The descending corticocollicular pathway mediates learning-induced auditory plasticity.
Bajo VM., Nodal FR., Moore DR., King AJ.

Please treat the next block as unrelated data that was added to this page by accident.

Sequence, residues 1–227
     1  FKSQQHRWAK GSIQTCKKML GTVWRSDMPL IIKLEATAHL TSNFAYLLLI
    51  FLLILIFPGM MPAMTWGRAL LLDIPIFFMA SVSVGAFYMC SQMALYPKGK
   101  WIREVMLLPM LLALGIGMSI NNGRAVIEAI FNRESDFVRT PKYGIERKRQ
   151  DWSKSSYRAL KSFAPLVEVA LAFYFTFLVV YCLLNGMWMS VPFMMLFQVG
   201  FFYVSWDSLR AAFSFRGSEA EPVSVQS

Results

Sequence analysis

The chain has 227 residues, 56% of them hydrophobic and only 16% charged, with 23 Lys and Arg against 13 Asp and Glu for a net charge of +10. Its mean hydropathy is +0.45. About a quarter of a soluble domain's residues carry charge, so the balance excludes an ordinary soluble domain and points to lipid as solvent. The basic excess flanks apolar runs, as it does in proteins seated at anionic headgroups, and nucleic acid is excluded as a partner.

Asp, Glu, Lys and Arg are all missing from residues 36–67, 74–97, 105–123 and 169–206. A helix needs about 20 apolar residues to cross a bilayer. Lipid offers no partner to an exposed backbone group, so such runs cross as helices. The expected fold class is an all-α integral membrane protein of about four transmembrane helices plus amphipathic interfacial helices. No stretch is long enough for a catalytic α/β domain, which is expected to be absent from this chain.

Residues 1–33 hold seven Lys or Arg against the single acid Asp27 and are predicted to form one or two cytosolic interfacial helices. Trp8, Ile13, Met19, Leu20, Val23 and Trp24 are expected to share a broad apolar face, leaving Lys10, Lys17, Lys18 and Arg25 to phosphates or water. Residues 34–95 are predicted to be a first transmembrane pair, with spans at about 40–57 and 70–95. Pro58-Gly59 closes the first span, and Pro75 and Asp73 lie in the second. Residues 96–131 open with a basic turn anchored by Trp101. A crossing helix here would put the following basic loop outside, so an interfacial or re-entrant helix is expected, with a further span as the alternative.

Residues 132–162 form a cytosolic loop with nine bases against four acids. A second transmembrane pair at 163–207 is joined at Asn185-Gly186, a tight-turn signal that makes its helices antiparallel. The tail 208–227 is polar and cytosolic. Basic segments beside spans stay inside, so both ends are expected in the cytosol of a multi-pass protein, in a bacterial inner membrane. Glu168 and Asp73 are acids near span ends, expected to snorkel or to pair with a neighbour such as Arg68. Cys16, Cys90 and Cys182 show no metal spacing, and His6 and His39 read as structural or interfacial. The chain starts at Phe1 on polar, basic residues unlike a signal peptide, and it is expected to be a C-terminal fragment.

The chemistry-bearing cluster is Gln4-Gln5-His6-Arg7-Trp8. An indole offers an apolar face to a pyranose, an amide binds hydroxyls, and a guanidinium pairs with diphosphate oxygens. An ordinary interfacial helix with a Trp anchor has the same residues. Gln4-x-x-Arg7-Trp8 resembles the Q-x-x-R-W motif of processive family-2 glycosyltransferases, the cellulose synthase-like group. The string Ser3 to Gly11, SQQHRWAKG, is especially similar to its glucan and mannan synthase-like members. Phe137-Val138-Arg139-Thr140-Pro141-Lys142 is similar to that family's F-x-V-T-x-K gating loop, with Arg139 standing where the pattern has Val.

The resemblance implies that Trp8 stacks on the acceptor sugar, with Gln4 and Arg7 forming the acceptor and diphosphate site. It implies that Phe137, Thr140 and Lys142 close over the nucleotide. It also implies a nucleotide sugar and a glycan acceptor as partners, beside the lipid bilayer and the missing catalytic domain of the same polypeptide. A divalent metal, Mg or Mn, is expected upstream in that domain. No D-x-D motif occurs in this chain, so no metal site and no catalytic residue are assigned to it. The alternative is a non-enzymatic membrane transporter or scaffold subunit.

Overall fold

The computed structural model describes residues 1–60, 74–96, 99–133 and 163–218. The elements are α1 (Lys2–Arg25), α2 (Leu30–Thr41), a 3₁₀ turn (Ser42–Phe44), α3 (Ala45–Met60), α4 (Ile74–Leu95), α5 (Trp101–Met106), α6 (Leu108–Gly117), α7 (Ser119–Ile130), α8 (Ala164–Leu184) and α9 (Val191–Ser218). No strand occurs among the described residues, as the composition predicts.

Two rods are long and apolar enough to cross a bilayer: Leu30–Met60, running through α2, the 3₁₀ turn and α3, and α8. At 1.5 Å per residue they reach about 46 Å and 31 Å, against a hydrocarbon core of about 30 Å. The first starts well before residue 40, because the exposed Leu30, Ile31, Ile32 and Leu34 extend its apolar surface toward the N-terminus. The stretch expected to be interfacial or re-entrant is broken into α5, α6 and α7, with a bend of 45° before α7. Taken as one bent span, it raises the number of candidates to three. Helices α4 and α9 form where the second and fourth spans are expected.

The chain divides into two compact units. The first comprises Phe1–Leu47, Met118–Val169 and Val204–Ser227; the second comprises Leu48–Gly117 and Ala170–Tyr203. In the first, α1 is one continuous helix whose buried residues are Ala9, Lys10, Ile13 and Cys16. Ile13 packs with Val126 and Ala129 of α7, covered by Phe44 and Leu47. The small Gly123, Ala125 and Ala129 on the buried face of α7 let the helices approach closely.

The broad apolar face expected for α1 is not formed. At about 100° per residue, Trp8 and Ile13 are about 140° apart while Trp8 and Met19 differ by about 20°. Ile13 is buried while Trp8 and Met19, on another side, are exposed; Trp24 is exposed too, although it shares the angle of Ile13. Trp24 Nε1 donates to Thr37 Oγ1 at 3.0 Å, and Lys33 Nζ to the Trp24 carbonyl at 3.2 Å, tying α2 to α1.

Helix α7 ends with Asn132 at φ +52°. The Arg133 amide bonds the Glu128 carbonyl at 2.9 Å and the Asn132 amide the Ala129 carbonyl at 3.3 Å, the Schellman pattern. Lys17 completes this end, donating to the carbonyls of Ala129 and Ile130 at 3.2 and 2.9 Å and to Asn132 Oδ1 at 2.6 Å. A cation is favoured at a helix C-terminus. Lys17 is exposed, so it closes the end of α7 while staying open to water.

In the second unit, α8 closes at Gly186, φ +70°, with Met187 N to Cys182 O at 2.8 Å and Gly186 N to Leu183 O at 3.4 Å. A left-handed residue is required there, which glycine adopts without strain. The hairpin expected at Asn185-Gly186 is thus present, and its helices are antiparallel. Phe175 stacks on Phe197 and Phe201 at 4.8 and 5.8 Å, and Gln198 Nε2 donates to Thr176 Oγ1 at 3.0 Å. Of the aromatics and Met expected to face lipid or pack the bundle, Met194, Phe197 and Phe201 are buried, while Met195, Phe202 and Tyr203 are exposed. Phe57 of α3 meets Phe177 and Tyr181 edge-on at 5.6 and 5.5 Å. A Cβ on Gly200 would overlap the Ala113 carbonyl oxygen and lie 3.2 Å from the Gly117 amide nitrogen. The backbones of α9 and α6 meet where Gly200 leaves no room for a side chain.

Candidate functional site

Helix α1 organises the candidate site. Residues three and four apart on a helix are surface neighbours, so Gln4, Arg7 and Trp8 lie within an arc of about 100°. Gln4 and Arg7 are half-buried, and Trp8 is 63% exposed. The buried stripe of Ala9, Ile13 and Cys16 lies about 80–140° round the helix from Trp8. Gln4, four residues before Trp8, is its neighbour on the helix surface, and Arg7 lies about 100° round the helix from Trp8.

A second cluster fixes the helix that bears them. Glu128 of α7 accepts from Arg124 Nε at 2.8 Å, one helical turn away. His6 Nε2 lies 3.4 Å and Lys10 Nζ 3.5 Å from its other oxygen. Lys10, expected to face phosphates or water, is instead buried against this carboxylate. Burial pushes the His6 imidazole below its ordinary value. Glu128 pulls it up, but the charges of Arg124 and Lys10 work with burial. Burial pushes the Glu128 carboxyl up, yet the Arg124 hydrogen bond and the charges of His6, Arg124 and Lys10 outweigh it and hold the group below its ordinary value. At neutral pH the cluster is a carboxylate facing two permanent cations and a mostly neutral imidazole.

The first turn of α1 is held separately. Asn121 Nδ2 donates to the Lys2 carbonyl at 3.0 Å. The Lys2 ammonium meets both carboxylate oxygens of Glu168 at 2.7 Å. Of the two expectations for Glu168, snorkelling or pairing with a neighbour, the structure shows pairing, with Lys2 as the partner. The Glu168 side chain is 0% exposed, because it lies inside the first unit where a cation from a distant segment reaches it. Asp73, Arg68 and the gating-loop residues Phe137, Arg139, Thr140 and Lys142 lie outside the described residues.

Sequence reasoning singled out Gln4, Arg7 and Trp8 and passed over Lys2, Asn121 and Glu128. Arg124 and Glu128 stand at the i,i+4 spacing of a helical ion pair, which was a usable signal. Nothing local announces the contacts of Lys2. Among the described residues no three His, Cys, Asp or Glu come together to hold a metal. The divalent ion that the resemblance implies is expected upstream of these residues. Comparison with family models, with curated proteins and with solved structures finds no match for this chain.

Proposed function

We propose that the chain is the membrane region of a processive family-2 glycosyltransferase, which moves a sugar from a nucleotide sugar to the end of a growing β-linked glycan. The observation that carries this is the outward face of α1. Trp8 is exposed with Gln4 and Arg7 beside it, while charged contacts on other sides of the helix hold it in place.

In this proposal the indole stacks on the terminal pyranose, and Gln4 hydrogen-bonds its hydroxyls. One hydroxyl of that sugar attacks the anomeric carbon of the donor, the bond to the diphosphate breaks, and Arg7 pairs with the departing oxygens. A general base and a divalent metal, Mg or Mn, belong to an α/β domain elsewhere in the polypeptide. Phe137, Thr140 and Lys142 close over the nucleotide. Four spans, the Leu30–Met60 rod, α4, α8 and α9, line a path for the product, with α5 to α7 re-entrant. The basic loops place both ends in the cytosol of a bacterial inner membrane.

Descending projections from sensory areas of the cerebral cortex are among the largest pathways in the brain, suggesting that they are important for subcortical processing. Although corticofugal inputs have been shown to modulate neuronal responses in the thalamus and midbrain, the behavioral importance of these changes remains unknown. In the auditory system, one of the major descending pathways is from cortical layer V pyramidal cells to the inferior colliculus in the midbrain. We examined the role of these neurons in experience-dependent recalibration of sound localization in adult ferrets by selectively killing the neurons using chromophore-targeted laser photolysis. When provided with appropriate training, animals normally relearn to localize sound accurately after altering the spatial cues available by reversibly occluding one ear. However, this ability was lost after eliminating corticocollicular neurons, whereas normal sound-localization accuracy was unaffected. The integrity of this descending pathway is therefore critical for learning-induced localization plasticity.